Course presentation

Its always a difficult time of year for us greenkeepers as we try to finish off winter projects and juggle course presentation as the grass starts to grow. Over the next 2 weeks ditches need strimming, tee banks need flymoing and bunkers need edging along with the 13th steps need finishing. We are also renovating wear and tear areas around the course by verti-draining, needle tining, overseeding, topdressed and fertilized with a slow release fertiliser (30.8.8) to ensure the course remains open as much as possible during the winter months. We need on average 450hrs a week to ensure the course is in perfect condition this time of year but unfortunately our budget can only afford 241hrs including weekends. The rough takes the most time with 1 person taking 22hrs to cut all areas including daily maintenance on the machine a week. As the growth of the grass reduces due to evaporation as temperature rises will we truly keep up with presentation.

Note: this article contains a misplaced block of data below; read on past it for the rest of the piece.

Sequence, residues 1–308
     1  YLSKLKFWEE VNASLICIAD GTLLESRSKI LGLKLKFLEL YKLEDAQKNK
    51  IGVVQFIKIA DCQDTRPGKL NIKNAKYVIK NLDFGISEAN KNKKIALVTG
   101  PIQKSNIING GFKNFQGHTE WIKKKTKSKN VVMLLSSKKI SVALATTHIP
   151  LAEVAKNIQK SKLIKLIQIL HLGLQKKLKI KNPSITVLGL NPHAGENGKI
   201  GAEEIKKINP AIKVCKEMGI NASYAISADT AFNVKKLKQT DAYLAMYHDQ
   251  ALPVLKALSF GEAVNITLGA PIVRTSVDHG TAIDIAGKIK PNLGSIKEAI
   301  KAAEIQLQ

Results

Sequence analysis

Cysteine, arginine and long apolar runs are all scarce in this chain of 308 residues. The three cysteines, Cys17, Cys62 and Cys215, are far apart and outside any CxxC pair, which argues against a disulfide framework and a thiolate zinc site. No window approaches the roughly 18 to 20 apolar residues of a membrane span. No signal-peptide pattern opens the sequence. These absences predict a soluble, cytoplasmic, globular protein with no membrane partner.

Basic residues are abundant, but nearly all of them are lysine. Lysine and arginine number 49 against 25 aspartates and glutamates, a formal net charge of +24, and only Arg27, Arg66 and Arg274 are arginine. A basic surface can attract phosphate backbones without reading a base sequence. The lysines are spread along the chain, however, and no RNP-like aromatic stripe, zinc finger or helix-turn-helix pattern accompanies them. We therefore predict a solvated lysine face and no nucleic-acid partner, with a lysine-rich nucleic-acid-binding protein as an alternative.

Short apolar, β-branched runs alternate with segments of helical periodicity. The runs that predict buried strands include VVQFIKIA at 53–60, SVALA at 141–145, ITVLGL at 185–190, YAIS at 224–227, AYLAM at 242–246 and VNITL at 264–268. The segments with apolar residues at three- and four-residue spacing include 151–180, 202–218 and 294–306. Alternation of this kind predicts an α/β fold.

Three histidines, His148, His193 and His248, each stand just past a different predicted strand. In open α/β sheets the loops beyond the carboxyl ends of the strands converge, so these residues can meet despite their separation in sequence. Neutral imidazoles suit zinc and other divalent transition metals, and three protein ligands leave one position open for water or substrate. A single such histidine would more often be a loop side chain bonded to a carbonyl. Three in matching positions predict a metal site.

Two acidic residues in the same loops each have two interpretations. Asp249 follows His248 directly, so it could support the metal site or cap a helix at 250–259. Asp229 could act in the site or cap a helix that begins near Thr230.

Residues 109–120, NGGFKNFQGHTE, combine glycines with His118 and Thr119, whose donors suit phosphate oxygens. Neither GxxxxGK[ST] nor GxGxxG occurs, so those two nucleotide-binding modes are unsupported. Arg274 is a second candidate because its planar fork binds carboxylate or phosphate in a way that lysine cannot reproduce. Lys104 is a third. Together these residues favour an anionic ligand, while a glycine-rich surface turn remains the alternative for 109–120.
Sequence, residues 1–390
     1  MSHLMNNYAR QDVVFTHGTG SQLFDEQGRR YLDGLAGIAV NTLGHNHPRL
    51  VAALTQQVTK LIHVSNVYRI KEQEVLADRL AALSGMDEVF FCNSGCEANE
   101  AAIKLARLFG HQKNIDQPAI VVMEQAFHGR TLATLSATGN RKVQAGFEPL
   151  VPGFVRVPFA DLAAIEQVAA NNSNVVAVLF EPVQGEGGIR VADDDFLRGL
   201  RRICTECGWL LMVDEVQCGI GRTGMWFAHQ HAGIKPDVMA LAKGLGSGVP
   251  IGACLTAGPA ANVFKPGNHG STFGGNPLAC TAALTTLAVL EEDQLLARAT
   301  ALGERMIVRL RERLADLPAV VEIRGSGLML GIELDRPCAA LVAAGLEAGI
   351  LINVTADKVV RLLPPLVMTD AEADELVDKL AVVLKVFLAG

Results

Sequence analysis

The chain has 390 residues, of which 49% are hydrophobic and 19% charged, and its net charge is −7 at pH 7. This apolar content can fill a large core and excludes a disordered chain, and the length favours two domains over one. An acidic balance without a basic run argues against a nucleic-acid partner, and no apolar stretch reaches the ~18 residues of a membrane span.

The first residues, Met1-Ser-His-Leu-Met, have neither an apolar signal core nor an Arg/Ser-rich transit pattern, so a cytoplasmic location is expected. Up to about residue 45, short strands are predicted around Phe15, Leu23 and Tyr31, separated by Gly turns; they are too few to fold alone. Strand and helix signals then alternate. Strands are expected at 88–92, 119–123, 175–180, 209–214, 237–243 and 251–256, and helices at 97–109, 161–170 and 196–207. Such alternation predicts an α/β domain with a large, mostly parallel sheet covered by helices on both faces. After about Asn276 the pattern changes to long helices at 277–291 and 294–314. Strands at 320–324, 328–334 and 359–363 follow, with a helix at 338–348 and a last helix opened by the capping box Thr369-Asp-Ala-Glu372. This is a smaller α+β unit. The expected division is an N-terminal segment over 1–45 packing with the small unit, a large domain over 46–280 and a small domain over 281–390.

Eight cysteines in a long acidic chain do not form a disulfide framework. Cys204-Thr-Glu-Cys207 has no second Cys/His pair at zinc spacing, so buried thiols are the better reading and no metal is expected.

July 2012


First cut of the summer diamond pattern on the fairways.

Late evening cutting fairways.

Home time, 4 fairways left for Friday.

Compost teas

We started using compost teas last year to great effect which in turn reduced our fertiliser and fungicide applications on the greens. This involves brewing various beneficial fungi and bacteria which are then sprayed over the greens. The brewer holds 200lt of water and brewed for 20hrs for beneficial fungi and then rebrewed for another 20hrs for beneficial bacteria.

Greens sprayed today.

Greens sprayed with a liquid fertiliser today to strengthen the plant, improve colour, growth and to lower Ph of the topdressing which will reduce any chance of diseases. Contents of the spray included 2·5kg of ammonium sulphate, 6kg of potassium, 15lt 7% of iron sulphate/4% Magnesium and 3lt of liquid aeration. Over fertilising at this stage to improve recovery from the renovation will encourage thatch, diseases, weaken the plant and provide to much growth. All the air we have provided in the greens from the renovation will stimulate the fungi/bacteria which in turn will degrade any thatch or fibre and stimulate root growth and recovery. Next week a compost tea will be sprayed containing special fungi and bacteria.